4. An abject apology to Nicky Hager

Journalist Nicky Hager's 2014 book Dirty Politics led to police raiding his home in search of his source. Photo: Lynn Grieveson

Four years after the book Dirty Politics was released, author Nicky Hager has won damages and an extraordinary apology from police for raids on his home that sent shivers through the media.

Investigative journalist Nicky Hager’s fight for journalistic freedom has finally come to an end.

The author, whose books have long been a thorn in the side of the state, has been embroiled in legal action after police raided his home in 2014.

His book Dirty Politics, which linked former Prime Minister John Key’s office with right-wing bloggers such as Cameron ‘Whaleoil’ Slater, was a pre-election bombshell and led to the resignation of then-minister Judith Collins.

After the book was released, Slater complained to police that he had been hacked by Hager’s source - a person referred to only as Rawshark.

This led to police raiding Hager’s home in October 2014 to try and find the mysterious hacker’s identity.

But that search, which took place while Hager was in Auckland, was deeply flawed.

In a statement released today, police admitted they failed to mention Hager was a journalist and they were seeking to identify his sources when applying for a search warrant.

They also apologised for mining his banking data with only an informal information request and obtaining his information from third parties including Air New Zealand, Paypal, Customs, and Jetstar without telling the companies Hager was a journalist who could claim privilege.

In a stunning admission, police also apologised for telling some companies they suspected Hager of fraud when seeking the information, despite having no basis to do so.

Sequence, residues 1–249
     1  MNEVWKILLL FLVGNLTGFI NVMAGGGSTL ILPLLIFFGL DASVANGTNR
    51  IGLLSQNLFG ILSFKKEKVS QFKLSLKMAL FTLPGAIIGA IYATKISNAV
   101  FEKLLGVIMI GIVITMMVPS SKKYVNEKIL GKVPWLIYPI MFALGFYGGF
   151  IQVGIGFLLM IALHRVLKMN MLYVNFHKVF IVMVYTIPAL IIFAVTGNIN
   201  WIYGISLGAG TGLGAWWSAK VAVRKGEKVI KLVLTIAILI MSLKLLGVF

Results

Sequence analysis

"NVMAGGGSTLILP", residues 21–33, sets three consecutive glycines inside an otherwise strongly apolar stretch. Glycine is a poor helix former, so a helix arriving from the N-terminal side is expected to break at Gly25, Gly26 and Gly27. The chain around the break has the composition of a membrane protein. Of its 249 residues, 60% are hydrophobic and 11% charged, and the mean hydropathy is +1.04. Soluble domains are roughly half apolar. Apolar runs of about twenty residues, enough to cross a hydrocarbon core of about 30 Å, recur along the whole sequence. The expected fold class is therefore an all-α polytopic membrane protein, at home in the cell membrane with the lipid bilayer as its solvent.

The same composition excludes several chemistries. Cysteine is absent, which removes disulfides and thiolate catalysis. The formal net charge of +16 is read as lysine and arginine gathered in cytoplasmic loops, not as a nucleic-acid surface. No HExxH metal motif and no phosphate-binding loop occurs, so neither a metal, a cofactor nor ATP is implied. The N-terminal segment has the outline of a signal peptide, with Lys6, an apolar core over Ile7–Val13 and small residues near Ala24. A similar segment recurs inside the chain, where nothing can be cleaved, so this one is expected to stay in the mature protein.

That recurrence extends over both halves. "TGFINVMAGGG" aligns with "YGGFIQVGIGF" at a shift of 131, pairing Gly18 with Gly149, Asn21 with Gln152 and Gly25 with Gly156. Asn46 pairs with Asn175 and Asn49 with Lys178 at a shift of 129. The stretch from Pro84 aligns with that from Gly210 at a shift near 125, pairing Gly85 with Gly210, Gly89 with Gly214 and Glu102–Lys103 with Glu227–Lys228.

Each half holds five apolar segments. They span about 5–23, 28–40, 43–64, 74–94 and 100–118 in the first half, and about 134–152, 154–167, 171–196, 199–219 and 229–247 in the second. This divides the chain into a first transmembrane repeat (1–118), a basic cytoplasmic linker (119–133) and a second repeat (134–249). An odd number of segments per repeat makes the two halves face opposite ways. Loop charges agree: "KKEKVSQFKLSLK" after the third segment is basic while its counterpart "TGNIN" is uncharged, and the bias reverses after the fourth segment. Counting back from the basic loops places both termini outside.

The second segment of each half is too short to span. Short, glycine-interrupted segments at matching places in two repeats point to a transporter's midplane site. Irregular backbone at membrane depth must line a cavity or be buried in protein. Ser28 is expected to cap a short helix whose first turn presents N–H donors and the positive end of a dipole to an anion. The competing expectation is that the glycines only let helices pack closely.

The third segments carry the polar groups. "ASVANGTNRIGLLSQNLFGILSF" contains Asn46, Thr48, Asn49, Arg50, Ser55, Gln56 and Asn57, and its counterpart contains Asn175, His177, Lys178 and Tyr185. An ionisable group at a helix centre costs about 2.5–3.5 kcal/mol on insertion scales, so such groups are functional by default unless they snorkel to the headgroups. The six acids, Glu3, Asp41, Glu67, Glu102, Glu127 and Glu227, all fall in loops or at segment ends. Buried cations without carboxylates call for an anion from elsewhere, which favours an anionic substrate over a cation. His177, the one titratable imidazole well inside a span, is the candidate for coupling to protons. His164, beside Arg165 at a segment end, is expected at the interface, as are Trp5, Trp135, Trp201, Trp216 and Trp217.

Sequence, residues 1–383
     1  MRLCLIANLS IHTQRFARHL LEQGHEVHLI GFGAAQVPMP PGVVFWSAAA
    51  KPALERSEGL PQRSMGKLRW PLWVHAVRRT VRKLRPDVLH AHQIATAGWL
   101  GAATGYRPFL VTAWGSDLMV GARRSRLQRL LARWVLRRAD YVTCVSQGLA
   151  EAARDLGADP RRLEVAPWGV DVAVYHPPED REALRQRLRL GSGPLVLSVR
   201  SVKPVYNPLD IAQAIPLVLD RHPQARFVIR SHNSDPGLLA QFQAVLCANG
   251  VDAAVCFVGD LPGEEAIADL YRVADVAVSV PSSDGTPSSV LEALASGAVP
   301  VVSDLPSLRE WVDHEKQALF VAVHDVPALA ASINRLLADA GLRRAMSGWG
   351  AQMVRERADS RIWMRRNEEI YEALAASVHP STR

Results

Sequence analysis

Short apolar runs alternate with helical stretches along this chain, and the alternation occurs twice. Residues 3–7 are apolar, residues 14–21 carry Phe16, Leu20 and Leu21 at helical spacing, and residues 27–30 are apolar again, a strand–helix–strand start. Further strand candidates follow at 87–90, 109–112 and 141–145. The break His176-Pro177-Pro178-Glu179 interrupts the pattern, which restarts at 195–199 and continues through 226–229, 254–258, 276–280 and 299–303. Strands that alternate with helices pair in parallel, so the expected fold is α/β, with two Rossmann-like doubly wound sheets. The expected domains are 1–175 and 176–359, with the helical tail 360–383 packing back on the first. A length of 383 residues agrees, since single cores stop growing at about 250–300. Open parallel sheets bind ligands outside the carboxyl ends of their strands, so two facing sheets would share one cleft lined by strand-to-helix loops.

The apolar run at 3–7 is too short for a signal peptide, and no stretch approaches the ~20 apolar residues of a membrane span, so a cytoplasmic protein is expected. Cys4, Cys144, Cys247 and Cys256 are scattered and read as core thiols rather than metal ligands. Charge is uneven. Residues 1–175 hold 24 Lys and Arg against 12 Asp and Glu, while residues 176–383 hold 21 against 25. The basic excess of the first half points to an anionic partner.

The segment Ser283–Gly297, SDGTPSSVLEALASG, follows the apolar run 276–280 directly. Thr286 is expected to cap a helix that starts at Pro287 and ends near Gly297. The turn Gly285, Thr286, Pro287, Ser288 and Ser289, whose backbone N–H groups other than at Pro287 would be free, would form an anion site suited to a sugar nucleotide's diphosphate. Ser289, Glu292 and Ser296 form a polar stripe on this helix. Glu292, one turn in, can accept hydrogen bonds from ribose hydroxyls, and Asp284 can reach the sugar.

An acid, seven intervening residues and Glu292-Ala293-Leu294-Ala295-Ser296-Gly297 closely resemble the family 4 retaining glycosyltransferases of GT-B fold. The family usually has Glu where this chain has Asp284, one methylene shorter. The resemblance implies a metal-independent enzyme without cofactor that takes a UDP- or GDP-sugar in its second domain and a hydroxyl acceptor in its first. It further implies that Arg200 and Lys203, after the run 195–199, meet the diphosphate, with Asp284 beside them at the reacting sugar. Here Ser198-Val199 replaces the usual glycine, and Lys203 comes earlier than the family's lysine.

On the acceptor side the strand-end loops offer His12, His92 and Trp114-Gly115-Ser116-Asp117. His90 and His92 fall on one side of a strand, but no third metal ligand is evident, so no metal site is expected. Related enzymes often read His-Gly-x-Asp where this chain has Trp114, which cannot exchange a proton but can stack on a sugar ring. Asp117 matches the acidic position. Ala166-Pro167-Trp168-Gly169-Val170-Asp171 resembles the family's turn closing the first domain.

“Police acknowledge that Mr Hager had a reasonable expectation of privacy in relation to information that could be used to identify his confidential sources,” the statement read.

“Police also acknowledge that there are legal protections in relation to such information that can only be waived by a High Court judge. As such, it was not appropriate for the police to seek such information from third parties without a suitable court order.”

Police raids on media organisations are rare, but searches of their individual homes are almost unheard of.

When detectives knocked on the door of his Wellington Hager’s daughter was the only one home.

After speaking to Hager on the phone, who soon claimed journalistic source protection privilege and received a promise it would be respected, police searched the home for ten hours and seized a raft of items including Hager’s daughter’s laptop and phone.

Hager later learned that police had broken that promise and photographed documents including login information for web and cloud storage accounts, which were later used to try and gain access.

Cell phone records were also taken and used to get records from phone companies.

The apology follows a High Court ruling late last year that the warrant used for the raid was “fundamentally unlawful”.

As part of the apology Hager will receive damages and legal costs, the size of which will remain confidential but, as the journalist stated, will “help support important work in years to come”.

The real value of Hager’s victory though is for freedom of speech.

A journalist’s right to protect their sources is central to their role in holding power to account; without it democracy is weakened.

“This has been a long fight, but we stuck at it because we believe what we were fighting for was important,” Hager said.

“This sends a vital message that people can share important information with journalists with confidence that their identities will be protected. The police have apologised for threatening that confidentiality and trust.”

National leader Simon Bridges had not seen the details of Hager’s statement, but said police had to make amends if they had used the law incorrectly.

“Look, if the police stuffed up and they got the law wrong, then the apology is the right thing to do. In terms of compensation where that goes, again, I haven’t seen the detail but there’s a pretty well-worn legal track for that in case law, and I think that’s where the answer should lie.”

Bridges said it was incorrect to suggest ministers in the previous National government had placed any pressure on police to investigate the leak to Hager. Decisions in the field were “for police, not for politicians”.

“What we know in New Zealand is police act on any matter like this with operational independence, so it’s them, not ministers...that should cop the appropriate blame.”